• The C4G basis These 4 orbitals provide a very small basis set.How much faster than ddpp?Answer: (28/7)3 or 343 times!Sadly: not good enough!You will probably never hear this spoken of!Chemistry equivalent: STO-3GAlso regarded as rubbish!

  • The C44G basis Next step up: choose two different s/p combinations:

    We will now have 8 functions per atom.(8/4)3 or 8 times slower than C4G!(28/8)3 or 43 times faster than ddpp.

    Sadly: still not good enough!

  • The C44G* basis Main shortcoming: change of shape of s/p functions when solid is formed.Need d-type functions.Add 5 of these.Gives 13 functionsWhat we call C44G* (again PRB speak)Similar to chemists 6-31G*

  • The C44G* basis 13 functions still (28/13)3 times faster than ddppDiamond generally very goodSi: conduction band not converged various approaches (Jons article on Wiki)Chemists use 6-31G* for much routine work.

  • Results for Si (JPG)

    Basis Num Etot/at(Ha) Erel/at(eV)a0 (au)B0 (GPa)Eg (eV)Time (s)Expt 10.26397.91.17216512dddd 40 -3.966670.00010.175 95.70.4725339ddpp 28 -3.964310.06410.195 96.90.52834827173C44G* 13 -3.963500.08610.192 98.50.7411494085Si-C4G 4 -3.942710.65210.390 92.12.28107411

  • The way forwards? 13 functions still (28/13)3 times faster than ddpp4 functions was (28/4)3 times faster.Idea at Nantes: form combinations not just of functions on one atom.Be very careful how you do this.Accuracy can be as good as ddpp.

  • Plane WavesAnother common basis set is the set of plane waves recall the nearly free electron model.We can form simple ideas about the band structure of solids by considering free electrons.Plane waves are the equivalent to atomic orbitals for free electrons.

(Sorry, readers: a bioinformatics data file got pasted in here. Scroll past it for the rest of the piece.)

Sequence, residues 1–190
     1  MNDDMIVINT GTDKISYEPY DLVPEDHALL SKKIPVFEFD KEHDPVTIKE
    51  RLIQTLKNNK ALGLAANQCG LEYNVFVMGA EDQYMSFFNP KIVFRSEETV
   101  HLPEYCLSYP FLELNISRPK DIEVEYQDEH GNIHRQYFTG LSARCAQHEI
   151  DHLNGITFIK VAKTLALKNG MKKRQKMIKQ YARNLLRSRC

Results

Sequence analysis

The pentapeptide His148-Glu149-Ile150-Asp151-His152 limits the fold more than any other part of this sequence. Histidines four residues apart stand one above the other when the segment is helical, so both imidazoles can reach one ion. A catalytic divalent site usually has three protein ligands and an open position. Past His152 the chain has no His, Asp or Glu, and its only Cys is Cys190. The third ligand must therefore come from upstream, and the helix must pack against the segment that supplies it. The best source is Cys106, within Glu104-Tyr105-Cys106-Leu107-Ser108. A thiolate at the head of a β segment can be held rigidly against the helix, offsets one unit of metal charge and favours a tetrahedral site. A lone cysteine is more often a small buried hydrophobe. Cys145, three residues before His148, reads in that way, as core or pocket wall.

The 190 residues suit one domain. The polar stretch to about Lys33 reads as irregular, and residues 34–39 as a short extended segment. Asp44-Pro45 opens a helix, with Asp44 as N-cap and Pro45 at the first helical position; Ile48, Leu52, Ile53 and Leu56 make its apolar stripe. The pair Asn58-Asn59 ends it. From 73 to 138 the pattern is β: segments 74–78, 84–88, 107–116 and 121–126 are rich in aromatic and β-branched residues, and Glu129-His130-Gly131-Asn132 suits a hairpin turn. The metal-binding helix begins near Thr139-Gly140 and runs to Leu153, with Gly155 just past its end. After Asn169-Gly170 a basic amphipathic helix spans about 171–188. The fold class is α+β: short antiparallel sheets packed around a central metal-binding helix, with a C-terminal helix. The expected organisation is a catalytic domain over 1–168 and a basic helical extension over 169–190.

• Gaussians vs Plane WavesNumber of Gaussians is very small Gaussians: 20/atomPlane Waves: 1000/atomWell written Gaussian codes are therefore faster.Plane waves are systematic: no assumption as to true wave functionAssumptions are dangerous (they can be wrong!) but they enable more work if they are faster

  • Gaussians vs Plane WavesPlane waves can be increased until energy convergesIn reality it is not possible for large systems.Number of Gaussians cannot be increased indefinitely

    Gaussians good when we have a single difficult atom Carbon needs a lot of pane waves SLOW!1 C atom in 512 atom Si cell as slow as diamondTrue for 2p elements (C, N, O, F) and 3d metals.Gaussians codes are much faster for these.

  • In conclusionBasis set is fundamental to what we do.A quick look at the mysterious hgh-pots.Uncontracted and contracted Gaussian bases.Rate of convergence depends on property.A good publication will demonstrate that results are converged with respect to basis.